Support Provided ByLearn More
Space + FlightSpace & Flight

Galactic Collision with Power of One Million LHCs Spawns Massive Gravitational Lens

ByEleanor NelsonNOVA NextNOVA Next

Five billion light-years from earth, there’s a massive galactic pileup unfolding in slow motion. As four clusters of galaxies plow into each other, thousands of individual galaxies are colliding—creating huge amounts of cosmic chaos and a lot of energy.

Receive emails about upcoming NOVA programs and related content, as well as featured reporting about current events through a science lens.

New images of this phenomenon—one of the largest galactic mergers on record—suggest it’s also producing more than just pretty pictures. It’s also serving as quite possibly the largest particle accelerator of all time, besting the exquisitely engineered Large Hadron Collider one million times over.

Support Provided ByLearn More
Colliding galaxy clusters MACS J0717+3745 are seen here in this composite image. The background is a Hubble Space Telescope image, blue is an X-ray image from Chandra, and red is a VLA radio image.

The discovery of the power of the collision, endearingly named MACSJ0717.5+3745, was revealed at a recent American Astronomical Society meeting by Reinout van Weeren of the Harvard-Smithsonian Center for Astrophysics. He and his team observed different types of radiation to peer into the complex interactions.

Radio-wave data from the Very Large Array show what seems to be radiation emitted by high-energy charged particles. According to X-ray data from the Chandra Observatory, there’s extremely hot (hundred-million-Kelvin-hot) gas in the same place the radiation is coming from. That combination of energetic particles and super-heated gas suggests that gases are colliding and spewing out high-energy particles.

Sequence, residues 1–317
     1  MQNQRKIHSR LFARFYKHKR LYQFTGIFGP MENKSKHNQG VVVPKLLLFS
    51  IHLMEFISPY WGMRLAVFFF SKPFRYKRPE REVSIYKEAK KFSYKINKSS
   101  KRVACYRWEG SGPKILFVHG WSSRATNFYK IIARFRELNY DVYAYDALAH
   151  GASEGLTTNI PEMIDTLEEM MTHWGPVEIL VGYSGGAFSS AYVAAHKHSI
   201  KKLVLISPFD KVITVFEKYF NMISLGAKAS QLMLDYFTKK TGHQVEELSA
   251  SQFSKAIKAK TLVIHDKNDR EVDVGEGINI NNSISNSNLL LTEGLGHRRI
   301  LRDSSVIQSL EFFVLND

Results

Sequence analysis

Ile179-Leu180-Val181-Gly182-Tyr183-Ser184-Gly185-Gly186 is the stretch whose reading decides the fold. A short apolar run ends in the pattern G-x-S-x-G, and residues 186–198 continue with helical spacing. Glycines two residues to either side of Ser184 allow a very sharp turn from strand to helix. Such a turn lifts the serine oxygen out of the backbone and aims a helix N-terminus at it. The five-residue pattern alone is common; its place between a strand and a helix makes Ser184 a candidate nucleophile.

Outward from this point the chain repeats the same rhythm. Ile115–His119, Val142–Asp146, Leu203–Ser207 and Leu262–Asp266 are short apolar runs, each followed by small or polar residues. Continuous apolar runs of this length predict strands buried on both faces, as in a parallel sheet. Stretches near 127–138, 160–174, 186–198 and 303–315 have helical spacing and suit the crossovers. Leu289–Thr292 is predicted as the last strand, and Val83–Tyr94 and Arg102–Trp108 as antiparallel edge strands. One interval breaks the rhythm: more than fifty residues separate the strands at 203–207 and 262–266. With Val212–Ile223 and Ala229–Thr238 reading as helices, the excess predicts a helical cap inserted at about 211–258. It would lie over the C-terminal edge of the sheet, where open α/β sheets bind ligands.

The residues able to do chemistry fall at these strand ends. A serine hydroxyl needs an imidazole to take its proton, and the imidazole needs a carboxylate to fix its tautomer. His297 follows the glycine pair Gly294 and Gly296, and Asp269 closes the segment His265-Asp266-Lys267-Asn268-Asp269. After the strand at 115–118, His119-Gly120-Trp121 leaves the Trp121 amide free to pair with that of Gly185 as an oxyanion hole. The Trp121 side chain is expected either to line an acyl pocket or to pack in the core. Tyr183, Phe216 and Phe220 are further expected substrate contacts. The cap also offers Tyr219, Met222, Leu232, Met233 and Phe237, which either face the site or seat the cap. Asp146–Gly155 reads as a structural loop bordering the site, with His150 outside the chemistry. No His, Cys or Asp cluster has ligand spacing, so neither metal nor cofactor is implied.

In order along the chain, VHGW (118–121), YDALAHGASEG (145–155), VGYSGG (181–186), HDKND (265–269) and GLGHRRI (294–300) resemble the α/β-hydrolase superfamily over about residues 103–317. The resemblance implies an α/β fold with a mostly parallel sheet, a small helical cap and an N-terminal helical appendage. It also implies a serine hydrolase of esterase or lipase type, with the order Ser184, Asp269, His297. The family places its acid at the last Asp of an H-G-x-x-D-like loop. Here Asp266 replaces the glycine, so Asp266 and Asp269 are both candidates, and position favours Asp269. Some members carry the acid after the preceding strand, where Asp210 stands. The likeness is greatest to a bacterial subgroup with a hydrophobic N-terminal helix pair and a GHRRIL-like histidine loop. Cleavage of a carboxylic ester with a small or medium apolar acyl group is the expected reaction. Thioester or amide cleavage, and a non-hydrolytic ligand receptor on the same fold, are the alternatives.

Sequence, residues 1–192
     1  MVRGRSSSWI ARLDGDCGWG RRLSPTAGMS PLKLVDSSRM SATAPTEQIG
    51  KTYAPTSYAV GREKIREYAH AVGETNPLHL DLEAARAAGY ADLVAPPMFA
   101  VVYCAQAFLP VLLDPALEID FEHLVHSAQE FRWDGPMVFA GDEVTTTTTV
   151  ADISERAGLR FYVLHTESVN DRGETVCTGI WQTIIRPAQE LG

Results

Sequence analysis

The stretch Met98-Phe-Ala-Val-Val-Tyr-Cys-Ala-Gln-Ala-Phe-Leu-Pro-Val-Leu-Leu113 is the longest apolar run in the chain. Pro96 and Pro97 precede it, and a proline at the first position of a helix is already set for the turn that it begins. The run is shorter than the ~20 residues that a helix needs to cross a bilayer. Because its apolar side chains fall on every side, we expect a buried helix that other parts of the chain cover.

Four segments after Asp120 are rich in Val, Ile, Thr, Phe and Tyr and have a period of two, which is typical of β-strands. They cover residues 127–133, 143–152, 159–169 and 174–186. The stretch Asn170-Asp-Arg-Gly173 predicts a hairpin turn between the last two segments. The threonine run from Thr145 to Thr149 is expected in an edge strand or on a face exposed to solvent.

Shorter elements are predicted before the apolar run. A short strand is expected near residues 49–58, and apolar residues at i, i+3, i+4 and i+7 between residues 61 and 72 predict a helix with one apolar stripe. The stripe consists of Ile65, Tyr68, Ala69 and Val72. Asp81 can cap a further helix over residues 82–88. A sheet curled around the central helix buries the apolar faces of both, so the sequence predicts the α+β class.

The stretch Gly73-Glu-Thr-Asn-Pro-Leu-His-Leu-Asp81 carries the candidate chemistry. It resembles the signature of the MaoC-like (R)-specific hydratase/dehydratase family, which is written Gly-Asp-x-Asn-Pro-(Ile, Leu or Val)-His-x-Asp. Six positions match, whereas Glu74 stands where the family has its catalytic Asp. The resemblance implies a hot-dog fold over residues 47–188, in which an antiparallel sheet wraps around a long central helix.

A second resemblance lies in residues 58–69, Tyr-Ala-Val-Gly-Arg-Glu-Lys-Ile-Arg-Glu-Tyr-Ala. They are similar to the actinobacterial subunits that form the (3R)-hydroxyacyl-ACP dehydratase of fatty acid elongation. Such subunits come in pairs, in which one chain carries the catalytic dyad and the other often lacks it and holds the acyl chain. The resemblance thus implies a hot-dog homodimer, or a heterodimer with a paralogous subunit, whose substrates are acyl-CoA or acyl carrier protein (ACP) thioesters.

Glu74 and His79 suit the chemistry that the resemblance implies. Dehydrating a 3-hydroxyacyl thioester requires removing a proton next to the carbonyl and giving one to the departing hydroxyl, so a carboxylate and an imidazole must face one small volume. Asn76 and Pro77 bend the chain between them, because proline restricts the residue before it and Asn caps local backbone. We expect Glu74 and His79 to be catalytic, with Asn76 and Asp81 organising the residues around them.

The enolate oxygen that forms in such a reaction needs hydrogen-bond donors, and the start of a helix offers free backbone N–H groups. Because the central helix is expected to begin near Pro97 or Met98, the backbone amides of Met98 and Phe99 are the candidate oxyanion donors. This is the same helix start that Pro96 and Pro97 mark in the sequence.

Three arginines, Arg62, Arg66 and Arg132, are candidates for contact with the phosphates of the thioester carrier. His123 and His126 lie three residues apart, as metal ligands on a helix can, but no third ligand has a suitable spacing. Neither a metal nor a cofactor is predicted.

Galaxies are mostly empty space, of course, and the likelihood of stars colliding is relatively small. But as Clara Moskowitz, writing for Scientific American, explains that the gases in galaxies’ interstellar spaces can interact violently:

When clouds of gas slam into one another, they warm up, causing a shock front where magnetic fields get compressed. These fields cause particles to travel back and forth over the front, picking up energy from the heat of the gas during every crossing. Eventually, the particles become so energetic that they escape and fly out into space.

This isn’t the first natural particle accelerator we’ve observed—supernova debris can create the same energy-amping shock fronts—but it seems to be one of the strongest. In millions of years, some of the particles could wind up as the cosmic rays that pelt the Earth.

The colossal mass of the four clusters has also created a very large gravity lens. The gravity the clusters exert bends the light originating from other galaxies, allowing us to see distant galaxies that would otherwise be invisible, just like a glass lens in a standard telescope. Later this year, in fact, astronomers will use another giant lens, the Hubble Space Telescope, which took the first optical images of this collision, to take advantage of the gravitational lensing to produce long-exposure images which peer deep into the cosmos. The combined powers of Hubble and MACSJ0717.5+3745 will produce what is “probably the best cosmic telescope on our sky,” Dan Coe of the Space Telescope Science Institute told Moskowitz.

Learn more about telescopes that are expanding our view of the universe.

Photo credit: Van Weeren, et al.; Bill Saxton, NRAO/AUI/NSF; NASA

Funding for NOVA Next is provided by the Eleanor and Howard Morgan Family Foundation.

Major funding for NOVA is provided by the David H. Koch Fund for Science, the Corporation for Public Broadcasting, and PBS viewers. Additional funding is provided by the NOVA Science Trust.